• Ventilation also helps.

  • So open the windows and doors and run a fan.

  • What about services?

  • In the beginning of the pandemic, everyone was worried about wiping down everything.

  • There have not been documented cases of transmission through surfaces, so it's not necessary to wipe down groceries or wear gloves when opening the mail.

  • However, it's still good practice to wash your hands often and use hand sanitizer after touching frequently used surfaces like door handles and faucets.

  • This coronavirus is highly contagious.

  • We need to keep up the measures that we know work to prevent its spread: wear a mask, keep physical distancing, avoid indoor gatherings and wash our hands.

  • 10-second trivia!

  • Which of these countries has the largest population?

  • Pakistan, Nigeria, Brazil or Russia?

  • So it's far from the largest country on this list.

  • Pakistan has the largest population with more than 233 million people, and unless they had backup power generators, their lights went out on Saturday night.

  • Blackouts are unusual in Pakistan, but what the nation saw over the weekend was its most widespread power shutdown since 2015.

  • An engineering problem at one planted southern Pakistan reportedly caused the nation's other ones to shut down.

  • Because electricity can be unreliable here, all of the nation's major airports as well as many of its hospitals and some of its homes do have backup generators.

  • The residents say there were some very long lines at gas stations where people waited to get fuel for those generators.

  • By dawn on Sunday morning, Pakistan's energy minister said power had come back on for major parts of the capital city of Islamabad.

  • But there were still large parts of Karachi, Pakistan's biggest city, where power was still out early Sunday.

  • "Polar vortex "is so much fun to say, forecasters say there could be some movement in the polar vortex.

  • And if this system, which normally swirls cold air around the Earth's polar regions, does move off the North Pole, it could release some very cold air throughout parts of North America and Europe.

  • When could this happen?

  • Within the next week or two.

  • Who will be affected?

  • Forecasters don't know yet.

  • They've detected some instability in the vortex that can spill cold air south, but they're in a wait-and-see mode for the moment.

  • "Polar vortex" was one of the most trending terms.

  • We heard it all the time, and in fact it's not something that's going to come and get you.

  • It's not something you can be inside.

  • It's not an alien.

  • It's not a monster.

  • It's not ... it's not something that's going to invade the U.S.

  • In fact, the only way to be inside the polar vortex is to be in an airplane.

  • It lives in the upper levels of the atmosphere.

  • It's a low pressure system that's basically locked into the North Pole.

  • So it's not a hurricane.

  • It's not a tornado.

  • It's just an air mass that's locked right around the North Pole, and it stays there all the time.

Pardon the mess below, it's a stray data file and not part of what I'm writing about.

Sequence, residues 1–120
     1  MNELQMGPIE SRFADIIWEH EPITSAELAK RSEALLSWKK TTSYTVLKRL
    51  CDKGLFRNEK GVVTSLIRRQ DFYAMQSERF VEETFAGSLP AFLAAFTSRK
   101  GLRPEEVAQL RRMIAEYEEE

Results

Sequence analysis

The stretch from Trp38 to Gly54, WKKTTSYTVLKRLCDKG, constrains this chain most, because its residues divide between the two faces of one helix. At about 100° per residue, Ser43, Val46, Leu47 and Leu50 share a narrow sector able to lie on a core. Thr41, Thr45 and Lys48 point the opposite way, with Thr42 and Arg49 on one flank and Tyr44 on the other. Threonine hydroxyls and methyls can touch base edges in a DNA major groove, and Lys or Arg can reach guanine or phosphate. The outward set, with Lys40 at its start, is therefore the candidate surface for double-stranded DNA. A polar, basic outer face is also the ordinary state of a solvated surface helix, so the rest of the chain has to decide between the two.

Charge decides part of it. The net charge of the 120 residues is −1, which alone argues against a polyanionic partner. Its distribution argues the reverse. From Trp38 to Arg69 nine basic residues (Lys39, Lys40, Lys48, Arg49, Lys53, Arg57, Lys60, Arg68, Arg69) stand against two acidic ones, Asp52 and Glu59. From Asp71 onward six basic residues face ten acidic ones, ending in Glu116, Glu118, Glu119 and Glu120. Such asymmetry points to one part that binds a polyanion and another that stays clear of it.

• The frequency of the winter outbreaks of these cold outbreaks is dependent on behind the weather patterns across the U.S.

  • Depends on when you have these large dips in the jet stream, replacement of the high pressure and low pressure.

  • So it all depends on Mother Nature.

  • Extreme temperatures can be very dangerous.

  • It all depends on the temperature, though.

  • The bottom line, a lot of areas can have -- there's windy outside.

  • You'll have a really low windchill.

  • If you find yourself in the midst of one of these winter outbreaks, just remember, just try to stay warm.

  • Put in as many layers as you can, bundle up, have a good jacket and try not to stay outside for very long periods of time.

  • When 91-year-old Dean Conklin was told that a sledding park was gonna be named after him, he had just one thing to say: "What?"

  • Conklin is a business owner, town councilman and former teacher in a small town of Minnesota.

  • He once gave this plot of land to a student, and people in the town love Conklin's so much that they dedicated the park to him and named it Conklin's Hill.

  • He recently joined more than 100 others in testing out the new slope, and it's easy to ski.

  • He's got "slopestyle".

  • There's "sn-ow question" about it!

  • Now some people might have buildings or monuments or streets named after him, but your own hill is a "mountainous" accomplishment that maybe worth "Alp-ining away" for because only a "Loser" would let that "slide".

  • We've got Haruka Hills High School watching today shout out to our viewers in Fontana, California, for subscribing and leaving a comment on our most recent YouTube show.

  • I'm Carl Azuz for CNN.

Delivering your down-the-middle explanation of world events, I'm Carl Azuz.

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What's Next? | January 11, 2021

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    林宜悉 posted on 2021/01/11